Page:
A day late and a dollar short, but some thoughts on the word survivor nonetheless. As the 12th anniversary of my mother’s death approaches, I find myself thinking more and more about that summer- about that entire year.

Due to my experiences with cancer, survivor is a word that instantly makes me think of someone beating cancer. My mother, in that sense, wasn’t a survivor. I do, however, consider her a fighter because let me tell you, she did not lay down easy.

My mom was diagnosed with breast cancer in 1994. I was twelve, on the verge of entering my teenage years. My sister had just turned ten. My mom didn’t even cry when she told her little girls that she was sick. She was so strong and so, so brave. I wish I could say that I had been that strong, but I know my first thoughts were of death and living a motherless life.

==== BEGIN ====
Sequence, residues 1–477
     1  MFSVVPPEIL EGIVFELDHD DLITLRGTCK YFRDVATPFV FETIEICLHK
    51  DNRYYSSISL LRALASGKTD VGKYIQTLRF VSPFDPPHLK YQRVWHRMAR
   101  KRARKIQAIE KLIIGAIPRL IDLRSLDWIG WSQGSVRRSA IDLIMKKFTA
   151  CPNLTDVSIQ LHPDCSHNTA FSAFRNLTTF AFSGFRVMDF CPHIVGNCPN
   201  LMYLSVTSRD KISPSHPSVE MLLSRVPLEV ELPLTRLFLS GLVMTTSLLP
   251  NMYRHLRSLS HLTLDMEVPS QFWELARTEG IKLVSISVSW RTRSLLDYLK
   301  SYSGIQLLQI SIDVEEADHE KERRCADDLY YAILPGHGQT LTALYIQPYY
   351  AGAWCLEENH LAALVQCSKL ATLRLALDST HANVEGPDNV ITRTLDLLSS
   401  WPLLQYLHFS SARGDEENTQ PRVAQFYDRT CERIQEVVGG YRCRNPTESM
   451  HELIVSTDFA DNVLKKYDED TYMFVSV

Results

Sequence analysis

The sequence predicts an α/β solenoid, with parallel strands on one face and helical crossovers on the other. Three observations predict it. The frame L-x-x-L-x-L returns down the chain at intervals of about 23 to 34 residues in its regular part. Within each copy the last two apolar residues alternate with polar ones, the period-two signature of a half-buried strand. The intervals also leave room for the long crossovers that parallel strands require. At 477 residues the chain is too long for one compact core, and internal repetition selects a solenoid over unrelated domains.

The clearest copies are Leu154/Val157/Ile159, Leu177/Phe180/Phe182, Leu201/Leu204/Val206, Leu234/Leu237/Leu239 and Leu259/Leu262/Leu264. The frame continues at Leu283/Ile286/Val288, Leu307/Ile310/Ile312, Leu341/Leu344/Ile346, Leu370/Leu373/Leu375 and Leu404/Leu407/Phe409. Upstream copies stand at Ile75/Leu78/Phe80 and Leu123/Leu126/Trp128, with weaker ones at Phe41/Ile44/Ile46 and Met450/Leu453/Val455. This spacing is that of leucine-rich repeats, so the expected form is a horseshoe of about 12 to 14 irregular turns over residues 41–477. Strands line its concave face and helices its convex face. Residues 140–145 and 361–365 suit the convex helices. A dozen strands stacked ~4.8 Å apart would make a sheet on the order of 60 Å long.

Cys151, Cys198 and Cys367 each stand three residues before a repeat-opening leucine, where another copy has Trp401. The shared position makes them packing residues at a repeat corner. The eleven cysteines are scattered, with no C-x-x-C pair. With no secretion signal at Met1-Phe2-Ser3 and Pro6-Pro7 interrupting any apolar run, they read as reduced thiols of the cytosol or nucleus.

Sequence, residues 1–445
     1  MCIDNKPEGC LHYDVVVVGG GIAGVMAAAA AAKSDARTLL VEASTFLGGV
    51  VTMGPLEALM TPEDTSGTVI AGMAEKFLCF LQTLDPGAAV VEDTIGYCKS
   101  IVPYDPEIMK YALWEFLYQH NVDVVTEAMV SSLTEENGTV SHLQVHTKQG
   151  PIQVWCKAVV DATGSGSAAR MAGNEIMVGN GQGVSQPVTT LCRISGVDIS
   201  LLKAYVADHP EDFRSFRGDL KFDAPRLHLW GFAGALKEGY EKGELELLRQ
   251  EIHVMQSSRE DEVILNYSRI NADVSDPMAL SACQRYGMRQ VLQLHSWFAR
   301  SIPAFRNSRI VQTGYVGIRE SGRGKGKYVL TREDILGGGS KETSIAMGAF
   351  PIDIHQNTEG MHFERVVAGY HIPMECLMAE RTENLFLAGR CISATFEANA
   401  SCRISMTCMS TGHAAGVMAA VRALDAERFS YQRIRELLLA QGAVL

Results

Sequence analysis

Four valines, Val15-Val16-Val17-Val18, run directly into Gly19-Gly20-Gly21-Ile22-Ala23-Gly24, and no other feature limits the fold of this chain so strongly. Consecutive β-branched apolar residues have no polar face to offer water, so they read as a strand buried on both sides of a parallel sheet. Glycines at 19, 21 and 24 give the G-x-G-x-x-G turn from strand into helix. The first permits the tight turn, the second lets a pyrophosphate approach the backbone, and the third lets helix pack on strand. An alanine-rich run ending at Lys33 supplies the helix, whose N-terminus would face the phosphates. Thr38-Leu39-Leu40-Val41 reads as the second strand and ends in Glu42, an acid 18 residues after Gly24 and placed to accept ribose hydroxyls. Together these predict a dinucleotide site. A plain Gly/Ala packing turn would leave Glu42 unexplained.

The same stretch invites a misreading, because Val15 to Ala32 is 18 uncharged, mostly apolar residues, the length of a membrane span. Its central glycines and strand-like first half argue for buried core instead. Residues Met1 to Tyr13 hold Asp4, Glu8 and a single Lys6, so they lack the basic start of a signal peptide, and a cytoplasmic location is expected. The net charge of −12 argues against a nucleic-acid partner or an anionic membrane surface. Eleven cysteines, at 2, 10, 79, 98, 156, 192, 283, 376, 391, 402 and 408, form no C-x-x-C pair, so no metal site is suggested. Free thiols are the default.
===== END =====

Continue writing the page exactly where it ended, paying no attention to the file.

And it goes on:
Throughout the next year my mother went through hell. She started with chemotherapy and after multiple sessions she was declared cancer free. She may have been cancer free, but by this point she was also free of hair. I can remember going shopping for wigs and then her cutting her hair to make it look more like the wig would. The wig still never looked quite natural.

If cancer had stayed in remission, i might interpret the word survivor differently than I do now, but cancer had other plans. By January of 1995 it had returned. By April it was obvious that the standard means for fighting this weren’t working and she was put into the hospital for 24 hour high-dose chemo sessions.

In June the doctor told my mom she had six months left to live. She was given the option of trying another experimental drug, but she was told that it would not save her life. It may prolong it, but she would likely be miserable and sick. She chose to live her remaining time in as much comfort as possible. That night was the first time throughout the entire cancer debacle that I saw or heard my mother cry.

The month of June was tumultuous. Mom was in and out of the hospital depending the degrees of pain that she was in. She would sometimes be there for days at a time. My grandparents drove up from Oregon- another sign of how very very serious this was.